Tuesday, December 20, 2011

A Peaceable Christmas

Incarnation in Matthew is not the news of a unique metaphysics that the world did not know. It is the announcement of a political and ethical counter-reality that the world refused to know. 'Emmanuel' names the divine decison that human violence is to be confronted by the peace of God.

It is promised to Joseph that this gift of a son "will save his people from their sins." What kind of salvation will this be? That question can be answered by asking a prior one - From what kinds of sins will this people be saved from?

Commenting on Micah 1:13, James Mays says that 'the chariot is the chief sin' of the people of Israel. Their militarization, their excessive accumulation of weaponry to secure their "vital interests", is a direct affront to the way that Yhwh would have them walk. In Isaiah 2, the prophet says that Israel's God has rejected his people because "their land is filled with horses, and there is no end to their chariots." Israel's desire to be like the nations around them extended to their resolution to violence. Like all of us, they were determined to keep what they had and regain what they once had, and would use force as the chief means of doing so. It is in this force that their trust lay.

Jesus is given to save people from such trust. He is given as a sign that there is an alternative way to live in a world that has been ubiquitously "reinvested with the truth of violence". He is given as the embodiment and teacher of that way. He is that way, and those who read and hear this gospel are called to follow him.

Behold, a virgin shall conceive and bear a son, and shall call his name Immanuel.

These words were originally spoken to King Ahaz, mentioned already in Matthew's gospel as a descendant of David and therefore an ancestor of Jesus. Jerusalem was under threat, yet in the face of Syrian violence the people of Israel were told to trust not in their military might but in their God, whose presence alone could make for peace. The people of Israel quite rationally refused such risky trust, yet their commitment to the way of violence caused them to suffer the violence of various empires. "They sow the wind and reap the whirlwind."

It is into a sea of violence that Jesus is plunged. The salvation that he will secure for his sinful people can only be constituted by a parting of this sea by the peaceable hand of God.

The Way formed by this parting is where Jesus is, and it is where the church must be too if she is to live and preach the salvation that is meaningless without discipleship.


  1. I might be wrong with my understanding here Declan, however I think we should be careful as the line between proclaiming the truth and the antisemitism is quite thin.
    I do not agree at all with this James Mayer....I do not know much about him, but the fact that Martin Luther was courageous enough to unveil the truth about God's Word causing a tremendous impact on Church and the German culture doesn't justify his wrong attitude toward Jewish people...affecting the history of the church. It's well known that in his later years, while suffering from several illnesses and deteriorating health, Luther became increasingly antisemitic, writing that Jewish homes should be destroyed, their synagogues burned, money confiscated and liberty curtailed. These statements have contributed to his controversial status.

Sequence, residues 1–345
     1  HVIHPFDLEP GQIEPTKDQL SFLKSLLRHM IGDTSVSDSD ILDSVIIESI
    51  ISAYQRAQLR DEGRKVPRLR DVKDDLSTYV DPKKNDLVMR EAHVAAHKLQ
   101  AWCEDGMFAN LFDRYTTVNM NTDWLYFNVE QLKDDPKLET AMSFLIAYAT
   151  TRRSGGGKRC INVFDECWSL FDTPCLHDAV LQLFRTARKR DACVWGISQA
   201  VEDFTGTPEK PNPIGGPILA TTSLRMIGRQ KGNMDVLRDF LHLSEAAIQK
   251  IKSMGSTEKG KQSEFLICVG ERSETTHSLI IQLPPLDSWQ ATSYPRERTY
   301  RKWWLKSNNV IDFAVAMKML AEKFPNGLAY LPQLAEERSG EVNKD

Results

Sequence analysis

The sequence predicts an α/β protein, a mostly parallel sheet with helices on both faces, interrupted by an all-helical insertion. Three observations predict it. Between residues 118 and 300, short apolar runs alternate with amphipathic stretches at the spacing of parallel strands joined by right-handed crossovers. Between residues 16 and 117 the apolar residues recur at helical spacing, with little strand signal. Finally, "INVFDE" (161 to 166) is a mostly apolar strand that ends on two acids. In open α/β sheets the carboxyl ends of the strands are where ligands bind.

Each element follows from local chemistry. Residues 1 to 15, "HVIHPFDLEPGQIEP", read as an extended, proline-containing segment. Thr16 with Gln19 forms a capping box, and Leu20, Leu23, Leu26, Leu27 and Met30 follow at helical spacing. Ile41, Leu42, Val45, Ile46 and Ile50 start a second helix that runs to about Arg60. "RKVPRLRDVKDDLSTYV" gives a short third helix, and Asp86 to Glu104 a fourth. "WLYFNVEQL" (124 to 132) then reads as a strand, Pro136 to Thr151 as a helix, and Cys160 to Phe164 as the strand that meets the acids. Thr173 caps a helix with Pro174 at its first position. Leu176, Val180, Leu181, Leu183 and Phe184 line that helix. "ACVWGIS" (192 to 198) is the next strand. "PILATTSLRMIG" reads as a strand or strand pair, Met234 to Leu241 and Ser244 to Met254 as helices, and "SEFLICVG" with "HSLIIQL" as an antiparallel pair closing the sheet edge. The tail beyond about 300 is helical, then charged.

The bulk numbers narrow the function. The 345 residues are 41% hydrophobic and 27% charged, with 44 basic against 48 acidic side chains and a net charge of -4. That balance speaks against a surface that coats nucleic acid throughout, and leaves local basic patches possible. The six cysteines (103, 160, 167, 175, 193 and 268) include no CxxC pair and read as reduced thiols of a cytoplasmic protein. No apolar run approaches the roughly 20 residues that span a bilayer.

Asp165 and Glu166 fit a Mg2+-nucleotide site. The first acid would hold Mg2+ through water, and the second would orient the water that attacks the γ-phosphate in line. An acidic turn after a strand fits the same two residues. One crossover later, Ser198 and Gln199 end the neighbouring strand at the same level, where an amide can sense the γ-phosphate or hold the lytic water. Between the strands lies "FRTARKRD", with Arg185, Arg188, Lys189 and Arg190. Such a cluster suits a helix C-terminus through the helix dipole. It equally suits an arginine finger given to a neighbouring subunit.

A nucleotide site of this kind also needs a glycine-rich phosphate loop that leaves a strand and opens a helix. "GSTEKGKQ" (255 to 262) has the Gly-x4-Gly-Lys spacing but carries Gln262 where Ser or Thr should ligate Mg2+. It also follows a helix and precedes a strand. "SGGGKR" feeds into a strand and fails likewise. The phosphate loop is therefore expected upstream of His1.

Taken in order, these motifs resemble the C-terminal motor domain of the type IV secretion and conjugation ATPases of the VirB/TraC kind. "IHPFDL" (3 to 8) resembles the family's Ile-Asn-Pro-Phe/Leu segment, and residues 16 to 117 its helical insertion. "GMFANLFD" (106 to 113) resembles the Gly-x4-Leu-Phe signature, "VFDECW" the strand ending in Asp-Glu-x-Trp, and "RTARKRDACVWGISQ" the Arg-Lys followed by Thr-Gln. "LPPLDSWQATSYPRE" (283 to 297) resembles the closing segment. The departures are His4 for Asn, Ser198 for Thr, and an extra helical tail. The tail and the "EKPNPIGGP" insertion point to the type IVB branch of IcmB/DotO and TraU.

It's not that I agree with Israel's transgressions but we must know the whole truth about Israel before making any "judgements" about her. As in Romans 9 v 30-33 we read:
    What then shall we say? That the Gentiles, who did not pursue righteousness, have obtained it, a righteousness that is by faith; 31 but the people of Israel, who pursued the law as the way of righteousness, have not attained their goal. 32 Why not? Because they pursued it not by faith but as if it were by works. They stumbled over the stumbling stone. 33 As it is written:
    “See, I lay in Zion a stone that causes people to stumble
    and a rock that makes them fall,
    and the one who believes in him will never be put to shame.”

    But I keep in mind as well as "because of their transgression, salvation has come to the Gentiles to make Israel envious. 12 But if their transgression means riches for the world, and their loss means riches for the Gentiles, how much greater riches will their full inclusion bring! Romans 11 v 11-12
    Nevertheless, I am not trying to argue with you here, just thought it is right from my side to tell what I believe. And I know that you are not looking for my approval here but I agree with your last verses and the whole idea in general.

  2. Thanks for the comment, Diana. Any word that is spoken against Jews here is only a word spoken by Jews themselves - that is, the prophets of Israel who decried Israel's violence, of which Jesus was the last.

    Of course in the limited nature of a blog post I couldn't go into the history of the church, so my silence regarding the fact that the church has all to often walked in the way of violence -- violence even against its fathers in the faith -- should not be interpreted as justification.

    The focus was simply on the text of Matthew and its textual links to Jewish prophets. But make no mistake about it - the judgement on Israel is also our judgement. We are all guilty, Jews and Gentiles, of not walking in the way of the Lord.